Or was it?

  • The OECD's efforts to standardize tax global tax policy [] has the wrong basis. Since an objective is the avoid double taxation of international investment, all taxation (not including import/export tariffs) and the cost of maintaining the social construct of property rights belongs to the jurisdiction within which those property rights are exercised, the single taxation objective can be achieved by taxing net assets thereby eliminating other forms of taxation.

    While there may need be exemptions for such bas

  • by Simonetta ( 207550 ) on Sunday June 05, 2005 @07:08PM (#12731550)
    Why do I get the funny feeling that these people are much more interested in justifying putting people in prison for listening to music than they are with dealing with the fact that the five entertainment corporations have STOLEN the public domain in the USA by infinitely extending the copyright period.

    When you buy something on 'time' you make an agreed number of payments and then the item is yours, you own it. The seller does not have the legal right to decide to extend the number of payments that you have to make whenever you get close to completion.

    The copyright period works in the same way. We, the people, agree to let X corporation own the right to demand money for the viewing of an individual work of art or entertainment for a precise and limited amount of time agreed upon when the copyright was granted.

    By bribing politicians to extend the copyright period without agreed upon compensation to We, the people, the corporations have stolen the work of art (or entertainment) and all demanded payments for viewing this title after the original copyright period has ended are improper and illegal extortions of revenue from the people wishing to view this work under their public domain rights.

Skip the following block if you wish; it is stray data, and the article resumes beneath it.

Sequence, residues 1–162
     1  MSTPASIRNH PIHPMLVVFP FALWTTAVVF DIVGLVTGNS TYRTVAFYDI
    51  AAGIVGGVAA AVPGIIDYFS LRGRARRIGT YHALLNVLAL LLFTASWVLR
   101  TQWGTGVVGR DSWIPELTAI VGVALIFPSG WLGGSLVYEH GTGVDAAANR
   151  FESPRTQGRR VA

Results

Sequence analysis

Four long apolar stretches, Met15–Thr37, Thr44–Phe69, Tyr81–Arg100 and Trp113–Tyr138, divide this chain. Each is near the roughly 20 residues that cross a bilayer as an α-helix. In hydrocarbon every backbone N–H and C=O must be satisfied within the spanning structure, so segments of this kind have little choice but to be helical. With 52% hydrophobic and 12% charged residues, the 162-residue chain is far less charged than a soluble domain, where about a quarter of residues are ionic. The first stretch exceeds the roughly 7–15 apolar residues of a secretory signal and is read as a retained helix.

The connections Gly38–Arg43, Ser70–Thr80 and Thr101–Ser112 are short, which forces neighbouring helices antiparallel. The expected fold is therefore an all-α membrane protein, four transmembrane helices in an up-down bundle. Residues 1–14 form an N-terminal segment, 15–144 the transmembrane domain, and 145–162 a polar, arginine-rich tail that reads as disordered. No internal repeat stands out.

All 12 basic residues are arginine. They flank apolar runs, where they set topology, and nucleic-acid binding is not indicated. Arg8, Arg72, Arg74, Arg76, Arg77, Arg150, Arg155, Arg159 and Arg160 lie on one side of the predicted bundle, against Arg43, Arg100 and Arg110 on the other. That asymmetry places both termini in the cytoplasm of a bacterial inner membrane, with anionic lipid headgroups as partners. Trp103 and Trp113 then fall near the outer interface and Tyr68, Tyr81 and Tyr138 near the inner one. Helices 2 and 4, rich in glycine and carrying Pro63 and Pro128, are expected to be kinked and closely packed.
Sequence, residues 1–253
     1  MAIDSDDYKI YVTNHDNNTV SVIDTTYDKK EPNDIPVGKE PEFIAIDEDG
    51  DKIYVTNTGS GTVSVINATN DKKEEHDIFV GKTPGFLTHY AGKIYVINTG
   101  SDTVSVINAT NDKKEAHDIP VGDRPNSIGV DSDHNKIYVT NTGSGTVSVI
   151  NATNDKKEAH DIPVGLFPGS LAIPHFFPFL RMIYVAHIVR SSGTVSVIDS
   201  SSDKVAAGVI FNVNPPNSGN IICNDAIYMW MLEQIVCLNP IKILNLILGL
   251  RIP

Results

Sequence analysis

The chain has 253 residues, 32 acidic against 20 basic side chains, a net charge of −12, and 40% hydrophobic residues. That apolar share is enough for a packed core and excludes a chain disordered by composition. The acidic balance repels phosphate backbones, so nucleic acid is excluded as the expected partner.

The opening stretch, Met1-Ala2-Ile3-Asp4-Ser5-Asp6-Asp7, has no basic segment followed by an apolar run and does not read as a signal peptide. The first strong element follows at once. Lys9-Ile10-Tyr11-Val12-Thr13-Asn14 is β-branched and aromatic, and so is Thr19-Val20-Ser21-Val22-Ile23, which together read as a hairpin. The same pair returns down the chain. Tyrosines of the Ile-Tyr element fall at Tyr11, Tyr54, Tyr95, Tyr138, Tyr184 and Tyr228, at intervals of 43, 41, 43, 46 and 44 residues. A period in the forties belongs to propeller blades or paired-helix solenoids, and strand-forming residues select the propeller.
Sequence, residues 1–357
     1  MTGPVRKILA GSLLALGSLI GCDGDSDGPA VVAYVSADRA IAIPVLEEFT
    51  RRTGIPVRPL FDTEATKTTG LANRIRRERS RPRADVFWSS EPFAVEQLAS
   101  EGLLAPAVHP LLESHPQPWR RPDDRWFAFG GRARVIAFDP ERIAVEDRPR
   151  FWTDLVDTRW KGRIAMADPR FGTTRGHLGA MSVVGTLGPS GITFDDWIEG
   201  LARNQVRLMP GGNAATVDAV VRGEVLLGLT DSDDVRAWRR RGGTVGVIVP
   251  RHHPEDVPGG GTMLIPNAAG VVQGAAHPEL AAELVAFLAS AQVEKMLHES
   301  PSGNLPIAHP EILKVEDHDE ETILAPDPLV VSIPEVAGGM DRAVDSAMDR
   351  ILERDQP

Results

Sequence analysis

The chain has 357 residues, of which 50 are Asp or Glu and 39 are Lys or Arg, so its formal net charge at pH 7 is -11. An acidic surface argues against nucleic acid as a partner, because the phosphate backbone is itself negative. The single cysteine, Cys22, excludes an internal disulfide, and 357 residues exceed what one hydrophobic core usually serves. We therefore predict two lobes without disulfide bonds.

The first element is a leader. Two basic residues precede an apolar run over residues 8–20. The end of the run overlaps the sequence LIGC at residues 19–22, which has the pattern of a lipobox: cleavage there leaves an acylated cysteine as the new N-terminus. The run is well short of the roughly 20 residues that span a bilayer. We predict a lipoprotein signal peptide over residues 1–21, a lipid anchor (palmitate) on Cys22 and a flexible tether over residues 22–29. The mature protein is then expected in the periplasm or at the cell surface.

By bribing the politicians to infinitely extend the copyright period, by extending it EVERY time that it is due to expire, the corporations are engaging in a repeated pattern of criminal behavior. Under the RICO act, the people can demand that the entities engaging in continous criminal behavior be deprived of their means, their assets, and the legal framework for their continued existence.

    By copying music and movies and sharing these files, We, the people, are simply asserting our rights when faced with a corrupt and racketeering organization. Which in this case are entertainment companies who have stolen the public domain.

    Don't let anyone ever tell you again that you are a 'pirate' or thief because you chose to share or download files of entertainment content.
    And don't take any nonsense from corporate-controlled non-government trade organizations either.

    Thank you.
    • As much as I agree with your main point; there are still new works being distributed which would definitely fall under the original time length for the laws in place. Honestly, if something is older than me, the owner doesn't have many rights to it, as it had its time in the sun before I could speak. On the other hand, if I thought that something is really worth the money, I will buy it; but that is getting off topic and all rambly, so thats enough for me.
    • "Treason doth never prosper: ... For if it prosper, none dare call it treason." -- John Harington
    • By copying music and movies and sharing these files, We, the people, are simply asserting our rights when faced with a corrupt and racketeering organization. Which in this case are entertainment companies who have stolen the public domain.

      If you want to retain the moral high ground, you must only traffic in materials that should be public domain, but are not due to extensions. Even under pre-extension copyright rules, the latest three Star Wars films, for example, would still be protected by copyright.

    • We, the people, agree to let X corporation own the right to demand money for the viewing of an individual work of art or entertainment for a precise and limited amount of time agreed upon when the copyright was granted.

      All excellent points, except that copyright was intended to grant those vaunted limited monopolies to the creator of the work, not a corporation. Being able to assign the rights to a work to a corporation may seem a harmless thing, but as we've seen, it can be rather, uh, problematic. [pard
  • Stupid Slashbots (Score:4, Insightful)

    by shadow_slicer ( 607649 ) on Sunday June 05, 2005 @07:10PM (#12731564)
    All of the posts so far seem to be just generic knee-jerk comments about IP.

    Consider this: if they recieve well-written and enlightened criticism (as most of the already existing commentary appears to be) then we will be able to view their future actions in light of the forum results. This will provide a yardstick for anyone to compare their future actions.